The clock struck midnight for the Cinderella Pleasantville boys’ basketball team during last Tuesday’s opening round of the state Class B tournament.
A 10-point, first-half lead for the Panthers disappeared and Section 9 champion Spackenkill took command after halftime and went on to a convincing 69-50 victory in a regional playoff game at Yorktown High School. Despite six 3-pointers and a team-high 20 points from junior forward Nick Salzarulo, the Panthers’ memorable season came to an end just three days after they captured their first Section 1 hoops title in 16 years.
“That was the best team we’ve played all year,” said head coach Chris Welsh not long after his Panthers had been overwhelmed by hot-shooting Spackenkill in the second half. “That’s a very complete team. They’ve got a good point guard. They had wings who knocked down shots, a forward who was jumping through the roof, and a big guy. I mean, that’s a total team.”
For the game’s first 16 minutes, though, it seemed the Panthers could compete with the bigger Spartans. Despite the fact star guard Mike Manley was enduring a nightmare first half in which his feared shooting touch abandoned him and he misfired on 11 of his 12 shots, Pleasantville still managed to maintain a lead all the way until the final second before halftime.
Salzarulo’s 3-pointer just 30 seconds into the game put the Panthers on the scoreboard first. He added two more treys in the opening quarter as Pleasantville, helped by the Spartans’ abysmal 1-for-9 shooting at the foul line, opened up a 16-8 advantage. The Panthers built their largest lead of the evening, 18-8, when Jeremy Stone scored on a put-back 12 seconds into the second quarter.
After Spackenkill responded with a 9-1 run, Salzarulo provided his fourth 3-pointer to give the Panthers a 22-17 edge with just under three minutes left in the half. Manley soon made his only field goal of the first half, an 18-foot pullup jumper from the right baseline, to maintain the five-point lead with 2:12 remaining.
But a basket by Ezequiel De La Cruz and two free throws by Camron Abalos, the point guard who finished with a game-high 21 points, narrowed the Spartans’ deficit to 25-24. When Manley apparently misread the scoreboard clock and launched a 35-foot jumper with seven seconds still left, Spackenkill took advantage by pushing the ball up the floor and taking the lead as Dhyqueem Lewison converted at the buzzer on a put-back while falling to the floor.
A fast-break layup by Stone 50 seconds into the third quarter gave Pleasantville its final lead of the night. The Spartans soon answered with four successive baskets in the midst of a 13-3 burst that opened up a nine-point cushion. A 3-pointer by Tucker Lee, who wound up making five of them, stretched Spackenkill’s lead to 44-32 with 3:08 to go in the period.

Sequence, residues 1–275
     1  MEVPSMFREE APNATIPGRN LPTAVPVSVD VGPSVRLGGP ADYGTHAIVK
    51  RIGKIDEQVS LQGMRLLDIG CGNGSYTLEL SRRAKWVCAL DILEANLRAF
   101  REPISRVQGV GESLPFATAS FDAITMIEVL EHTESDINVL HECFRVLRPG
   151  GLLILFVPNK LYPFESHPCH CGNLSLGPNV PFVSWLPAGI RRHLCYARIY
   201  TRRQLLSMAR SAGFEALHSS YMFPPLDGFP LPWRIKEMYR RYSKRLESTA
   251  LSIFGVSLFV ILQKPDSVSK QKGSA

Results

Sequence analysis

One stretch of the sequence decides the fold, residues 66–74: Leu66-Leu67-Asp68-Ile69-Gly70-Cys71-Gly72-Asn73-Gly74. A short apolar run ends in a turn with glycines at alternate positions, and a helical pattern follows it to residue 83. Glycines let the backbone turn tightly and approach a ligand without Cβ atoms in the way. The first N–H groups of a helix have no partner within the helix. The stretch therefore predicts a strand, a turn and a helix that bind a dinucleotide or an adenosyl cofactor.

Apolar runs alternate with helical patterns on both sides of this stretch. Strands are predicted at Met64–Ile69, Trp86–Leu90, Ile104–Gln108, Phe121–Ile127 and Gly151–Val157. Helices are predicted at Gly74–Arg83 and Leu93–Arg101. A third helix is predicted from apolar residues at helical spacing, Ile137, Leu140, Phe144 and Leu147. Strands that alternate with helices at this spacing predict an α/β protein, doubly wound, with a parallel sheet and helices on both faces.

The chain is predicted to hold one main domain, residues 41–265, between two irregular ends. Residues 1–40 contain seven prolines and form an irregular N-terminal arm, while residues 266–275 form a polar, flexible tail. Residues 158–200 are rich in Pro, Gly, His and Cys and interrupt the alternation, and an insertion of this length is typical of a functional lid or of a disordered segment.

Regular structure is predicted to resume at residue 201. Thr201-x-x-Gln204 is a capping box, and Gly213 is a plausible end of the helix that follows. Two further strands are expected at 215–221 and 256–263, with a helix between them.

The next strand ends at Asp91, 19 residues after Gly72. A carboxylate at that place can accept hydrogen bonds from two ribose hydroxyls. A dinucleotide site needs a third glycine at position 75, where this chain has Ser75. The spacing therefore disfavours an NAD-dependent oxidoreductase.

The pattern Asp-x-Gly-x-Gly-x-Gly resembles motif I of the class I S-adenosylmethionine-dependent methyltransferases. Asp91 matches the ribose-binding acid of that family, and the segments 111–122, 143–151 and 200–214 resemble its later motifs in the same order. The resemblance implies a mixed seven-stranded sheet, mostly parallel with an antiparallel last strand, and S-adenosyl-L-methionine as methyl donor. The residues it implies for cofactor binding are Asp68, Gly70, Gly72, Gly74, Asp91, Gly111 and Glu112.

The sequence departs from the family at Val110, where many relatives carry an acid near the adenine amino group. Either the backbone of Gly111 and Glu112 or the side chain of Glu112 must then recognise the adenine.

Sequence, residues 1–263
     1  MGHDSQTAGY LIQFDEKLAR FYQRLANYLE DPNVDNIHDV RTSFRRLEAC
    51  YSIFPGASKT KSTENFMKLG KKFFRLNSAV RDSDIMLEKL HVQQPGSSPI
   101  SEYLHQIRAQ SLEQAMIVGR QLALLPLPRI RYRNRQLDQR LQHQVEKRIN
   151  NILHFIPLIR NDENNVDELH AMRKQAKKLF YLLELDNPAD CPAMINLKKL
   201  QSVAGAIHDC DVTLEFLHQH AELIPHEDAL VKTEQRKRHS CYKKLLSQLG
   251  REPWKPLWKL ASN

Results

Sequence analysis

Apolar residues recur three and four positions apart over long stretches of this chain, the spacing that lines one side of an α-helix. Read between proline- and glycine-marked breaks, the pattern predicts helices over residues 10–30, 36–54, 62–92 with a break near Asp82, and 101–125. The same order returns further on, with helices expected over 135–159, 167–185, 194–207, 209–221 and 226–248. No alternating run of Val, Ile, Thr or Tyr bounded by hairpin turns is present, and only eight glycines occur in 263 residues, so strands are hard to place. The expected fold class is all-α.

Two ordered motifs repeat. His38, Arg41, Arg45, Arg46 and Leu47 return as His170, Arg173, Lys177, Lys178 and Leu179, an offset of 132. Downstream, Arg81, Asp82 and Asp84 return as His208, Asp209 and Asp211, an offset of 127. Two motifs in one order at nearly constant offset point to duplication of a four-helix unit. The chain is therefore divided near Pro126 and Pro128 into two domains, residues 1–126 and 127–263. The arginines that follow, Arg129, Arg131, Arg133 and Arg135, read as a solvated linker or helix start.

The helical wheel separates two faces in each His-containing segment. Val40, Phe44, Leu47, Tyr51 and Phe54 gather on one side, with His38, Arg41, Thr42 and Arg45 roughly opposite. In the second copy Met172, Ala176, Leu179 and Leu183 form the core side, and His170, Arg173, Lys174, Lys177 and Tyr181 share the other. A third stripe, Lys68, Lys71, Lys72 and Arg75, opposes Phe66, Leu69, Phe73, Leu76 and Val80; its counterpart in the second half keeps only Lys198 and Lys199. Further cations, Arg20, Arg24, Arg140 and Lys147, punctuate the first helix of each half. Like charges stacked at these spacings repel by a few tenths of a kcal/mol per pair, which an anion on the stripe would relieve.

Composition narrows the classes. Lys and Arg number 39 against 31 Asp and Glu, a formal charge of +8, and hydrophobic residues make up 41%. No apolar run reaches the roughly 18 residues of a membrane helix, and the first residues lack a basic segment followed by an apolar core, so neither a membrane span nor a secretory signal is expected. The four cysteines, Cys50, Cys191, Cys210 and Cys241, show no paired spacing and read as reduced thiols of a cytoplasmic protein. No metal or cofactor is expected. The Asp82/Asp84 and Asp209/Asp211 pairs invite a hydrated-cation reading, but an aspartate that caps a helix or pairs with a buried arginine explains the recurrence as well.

“In the second half, they absolutely shot the lights out,” said Welsh about the Spartans. “They came out with a lot of enthusiasm. I’m sure they felt like they should’ve been up by more than one at the half because, on our end, we were thankful to only be down by one considering all the foul trouble and poor shooting.”
The Panthers’ Charlie McPhee provided three baskets in the final minutes of the third quarter, helping P’ville close to within 46-38 heading to the final period. But the Spartans’ Hayden Peck drained a 3-pointer from the left corner to open the fourth quarter and the Panthers never got any closer than 10 points the rest of the way.
Manley, who scored seven of his 12 points in the final quarter, made the last basket of his standout Panther career on a 19-foot jumper from the top of the key with exactly five minutes remaining. A Salzarulo bank shot with 2:36 left cut the Panthers’ deficit to 60-50, but half a minute later Lee knocked down his fifth 3-pointer to all but clinch the contest for the Spartans, who scored the game’s final nine points.
With 55 seconds to go and the outcome decided, Welsh summoned Manley and the rest of the dejected Panther starters to the bench.
“A player isn’t defined by one game,” said Welsh after watching Manley end his varsity career just 3 for 21 from the field against the Spartans after earning MVP honors last weekend at the County Center.
“He’s the best player I’ve ever coached. He’s had an unbelievable career. He’s made an awful lot of shots for us, scored an awful lot of points. He will not be defined by tonight’s game. He’s a special player, a great kid. He’s been an absolute pleasure to coach. And losing tonight can’t take away the fact, from him or from anyone on the team, that they’re still champs. They are Section 1 champs, and that is what we will remember about this season.”
As it turned out, the Spartans, especially with junior forward Kyiev Bennormon, just had too much of a size advantage. But Welsh knows the game could’ve been closer if his team had made a few more of its shots.
“As well as we shot the ball at the County Center and how fine-tuned our offense was, tonight we couldn’t hit anything,” he said. “Listen, this game is what it is. This is not what we will focus on. We’ll focus on all the great things that we achieved and accomplished this year. And, at the end of the day, I think the biggest regret I’ll have is that we don’t have practice tomorrow.”